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Research Papers: Natural and Mixed Convection

On Laminar Magnetoconvection Flow in a Vertical Channel in the Presence of Heat Generation and Heat Absorption

[+] Author and Article Information
J. C. Umavathi

Department of Mathematics,
Gulbarga University,
Gulbarga 585106, India

B. Patil Mallikarjun

Department of Studies and Research
in Mathematics,
Tumkur University, Tumkur,
Karnataka 572102, India

S. Narasimha Murthy

Department of Mathematics,
College of Science,
Bahir Dar University,
P.O. Box 3080,
Bahir Dar, Ethiopia
e-mail: simhamurthy44@gmail.com

1Present address: Department of Mathematics, Tumkur University, Tumkur, Karnataka, India.

Contributed by the Heat Transfer Division of ASME for publication in the Journal of Heat Transfer. Manuscript received July 19, 2011; final manuscript received November 19, 2012; published online March 20, 2013. Assoc. Editor: Ali Ebadian.

J. Heat Transfer 135(4), 042503 (Mar 20, 2013) (8 pages) Paper No: HT-11-1359; doi: 10.1115/1.4023222 History: Received July 19, 2011; Revised November 19, 2012

The problem of hydromagnetic fully developed laminar mixed convection flow in a vertical channel and asymmetric wall heating conditions in the presence of electrical conductivity effect is considered through proper choice of dimensionless variables. The governing with symmetric equations are developed and three types of thermal boundary conditions are presented. These boundary conditions are isothermal–isothermal, isoflux–isothermal, and isothermal–isoflux for the left–right walls of the channel respectively. The velocity field and the temperature field are obtained by perturbation series method which employs a perturbation parameter proportional to the Brinkman number. In addition, closed form expressions for reversal flow conditions at both the left–right channel walls are derived. Selected set of graphical results illustrating the effects of the various parameters involved in the problem including magnetic dissipation, heat generation or absorption, and the electrical conductivity on the velocity and temperature profiles as well as flow reversal situation are presented. The solutions obtained are also compared with that of results obtained by finite difference method.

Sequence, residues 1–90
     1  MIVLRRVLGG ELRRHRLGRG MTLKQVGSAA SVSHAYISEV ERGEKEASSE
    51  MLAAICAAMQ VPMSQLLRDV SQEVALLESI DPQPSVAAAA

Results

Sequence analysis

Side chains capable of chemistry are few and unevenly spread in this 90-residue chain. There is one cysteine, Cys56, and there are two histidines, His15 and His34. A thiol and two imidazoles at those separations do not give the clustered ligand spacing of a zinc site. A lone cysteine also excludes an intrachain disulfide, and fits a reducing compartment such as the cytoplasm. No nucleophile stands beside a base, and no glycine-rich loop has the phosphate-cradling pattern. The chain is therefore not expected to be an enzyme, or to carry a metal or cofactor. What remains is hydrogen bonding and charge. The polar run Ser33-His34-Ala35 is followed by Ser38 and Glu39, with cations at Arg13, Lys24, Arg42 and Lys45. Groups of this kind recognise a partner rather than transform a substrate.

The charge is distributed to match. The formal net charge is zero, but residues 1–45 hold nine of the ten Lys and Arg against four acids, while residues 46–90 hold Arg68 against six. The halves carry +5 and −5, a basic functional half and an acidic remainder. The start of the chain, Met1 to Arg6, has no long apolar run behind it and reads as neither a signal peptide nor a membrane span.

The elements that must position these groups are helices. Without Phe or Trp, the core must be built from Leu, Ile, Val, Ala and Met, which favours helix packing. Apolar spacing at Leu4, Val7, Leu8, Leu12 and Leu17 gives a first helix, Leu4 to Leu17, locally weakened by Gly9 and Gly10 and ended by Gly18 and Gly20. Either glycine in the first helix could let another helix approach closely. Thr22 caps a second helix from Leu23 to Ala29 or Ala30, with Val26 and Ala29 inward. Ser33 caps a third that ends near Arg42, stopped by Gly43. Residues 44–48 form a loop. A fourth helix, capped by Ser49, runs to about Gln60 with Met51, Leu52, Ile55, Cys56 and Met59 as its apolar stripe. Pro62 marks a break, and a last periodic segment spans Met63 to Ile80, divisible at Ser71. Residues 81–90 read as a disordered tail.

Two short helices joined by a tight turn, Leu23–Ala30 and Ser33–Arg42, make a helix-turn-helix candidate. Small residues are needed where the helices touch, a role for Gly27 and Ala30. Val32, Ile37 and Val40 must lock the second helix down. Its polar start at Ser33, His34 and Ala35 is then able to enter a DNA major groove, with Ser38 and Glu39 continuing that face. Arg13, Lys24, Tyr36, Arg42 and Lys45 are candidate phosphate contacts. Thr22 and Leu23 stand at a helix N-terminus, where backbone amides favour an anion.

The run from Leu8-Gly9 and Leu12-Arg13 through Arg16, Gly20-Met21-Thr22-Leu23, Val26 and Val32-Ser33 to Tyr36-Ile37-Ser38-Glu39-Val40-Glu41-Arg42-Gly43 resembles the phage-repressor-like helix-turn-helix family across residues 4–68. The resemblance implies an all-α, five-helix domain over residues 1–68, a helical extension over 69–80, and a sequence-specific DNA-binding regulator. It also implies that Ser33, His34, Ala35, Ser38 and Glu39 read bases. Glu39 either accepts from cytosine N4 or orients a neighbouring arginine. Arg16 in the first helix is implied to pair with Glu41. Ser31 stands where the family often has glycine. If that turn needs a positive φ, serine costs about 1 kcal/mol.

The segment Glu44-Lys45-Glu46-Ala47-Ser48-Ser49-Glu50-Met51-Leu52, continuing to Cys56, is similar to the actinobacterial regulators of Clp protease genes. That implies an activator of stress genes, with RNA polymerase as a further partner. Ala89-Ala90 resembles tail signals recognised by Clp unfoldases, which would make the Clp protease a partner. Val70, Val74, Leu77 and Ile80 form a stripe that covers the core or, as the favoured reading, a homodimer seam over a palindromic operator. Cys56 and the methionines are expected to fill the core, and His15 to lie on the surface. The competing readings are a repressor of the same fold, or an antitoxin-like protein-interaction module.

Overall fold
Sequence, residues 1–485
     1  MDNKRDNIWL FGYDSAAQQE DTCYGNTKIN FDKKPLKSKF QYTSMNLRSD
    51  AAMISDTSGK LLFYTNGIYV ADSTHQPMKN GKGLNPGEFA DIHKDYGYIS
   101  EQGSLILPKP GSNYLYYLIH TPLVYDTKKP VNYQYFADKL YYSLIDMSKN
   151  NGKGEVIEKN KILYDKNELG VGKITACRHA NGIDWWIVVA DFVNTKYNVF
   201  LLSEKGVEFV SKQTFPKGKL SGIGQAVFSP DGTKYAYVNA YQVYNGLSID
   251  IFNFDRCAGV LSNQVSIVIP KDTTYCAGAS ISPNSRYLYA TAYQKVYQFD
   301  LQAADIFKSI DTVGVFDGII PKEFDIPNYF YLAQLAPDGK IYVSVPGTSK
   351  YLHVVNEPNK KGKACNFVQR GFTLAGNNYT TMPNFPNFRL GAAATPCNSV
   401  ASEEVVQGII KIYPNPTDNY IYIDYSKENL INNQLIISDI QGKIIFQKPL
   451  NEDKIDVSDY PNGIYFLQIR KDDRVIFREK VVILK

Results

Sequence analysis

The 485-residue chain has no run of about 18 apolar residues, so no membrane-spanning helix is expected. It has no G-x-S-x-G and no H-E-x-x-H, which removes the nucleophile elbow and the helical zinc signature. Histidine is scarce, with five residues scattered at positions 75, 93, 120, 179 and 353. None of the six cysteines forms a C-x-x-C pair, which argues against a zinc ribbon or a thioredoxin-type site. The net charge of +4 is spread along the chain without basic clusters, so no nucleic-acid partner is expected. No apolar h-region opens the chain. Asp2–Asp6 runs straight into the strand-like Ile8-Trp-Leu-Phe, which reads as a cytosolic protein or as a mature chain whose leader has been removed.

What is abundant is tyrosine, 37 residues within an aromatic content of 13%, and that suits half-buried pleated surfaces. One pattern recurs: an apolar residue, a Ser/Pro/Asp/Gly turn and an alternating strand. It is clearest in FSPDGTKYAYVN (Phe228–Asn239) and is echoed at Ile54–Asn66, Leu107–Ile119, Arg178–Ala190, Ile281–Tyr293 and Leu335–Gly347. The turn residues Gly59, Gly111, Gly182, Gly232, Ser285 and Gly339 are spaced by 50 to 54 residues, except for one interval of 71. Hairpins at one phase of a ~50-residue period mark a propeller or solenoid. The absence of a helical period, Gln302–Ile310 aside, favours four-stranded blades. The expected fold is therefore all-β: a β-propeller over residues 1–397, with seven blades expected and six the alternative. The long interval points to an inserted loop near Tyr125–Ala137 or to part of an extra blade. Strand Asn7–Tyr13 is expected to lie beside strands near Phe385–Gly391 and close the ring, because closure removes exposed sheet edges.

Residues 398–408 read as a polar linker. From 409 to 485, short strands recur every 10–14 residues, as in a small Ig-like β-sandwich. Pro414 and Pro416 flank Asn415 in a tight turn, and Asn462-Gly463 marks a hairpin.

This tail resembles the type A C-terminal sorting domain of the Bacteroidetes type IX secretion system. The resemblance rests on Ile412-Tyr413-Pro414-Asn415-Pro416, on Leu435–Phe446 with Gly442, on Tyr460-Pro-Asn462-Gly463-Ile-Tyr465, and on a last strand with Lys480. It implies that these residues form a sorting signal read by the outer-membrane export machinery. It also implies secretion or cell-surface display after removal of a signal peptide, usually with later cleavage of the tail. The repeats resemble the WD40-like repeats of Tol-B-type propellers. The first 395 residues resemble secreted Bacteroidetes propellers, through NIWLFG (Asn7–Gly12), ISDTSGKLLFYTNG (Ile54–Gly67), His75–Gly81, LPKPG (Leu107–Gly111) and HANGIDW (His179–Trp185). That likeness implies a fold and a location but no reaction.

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Figures

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Fig. 1

Physical configuration

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Fig. 2

Plots of u versus y in the case of asymmetric heating for different values of λ and E

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Fig. 3

Plots of θ versus y in the case of asymmetric heating for different values of Br

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Fig. 4

Plots of u versus y in the case of asymmetric heating for different values of λ,ɛ, and E

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Fig. 5

Plots of u versus y in the case of asymmetric heating for different values of heat generation coefficient φ

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Fig. 6

Plots of θ versus y in the case of asymmetric heating for different values of heat generation coefficient φ

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Fig. 7

Plots of u versus y for different values of φ and λ for isoflux –isothermal case

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Fig. 8

Plots of θ versus y for different values of φ and λ for isoflux–isothermal case

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Fig. 9

Plots of u versus y for different values of φ and λ for isothermal–isoflux case

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Fig. 10

Plots of θ versus y for different values of φ and λ for isothermal–isoflux case

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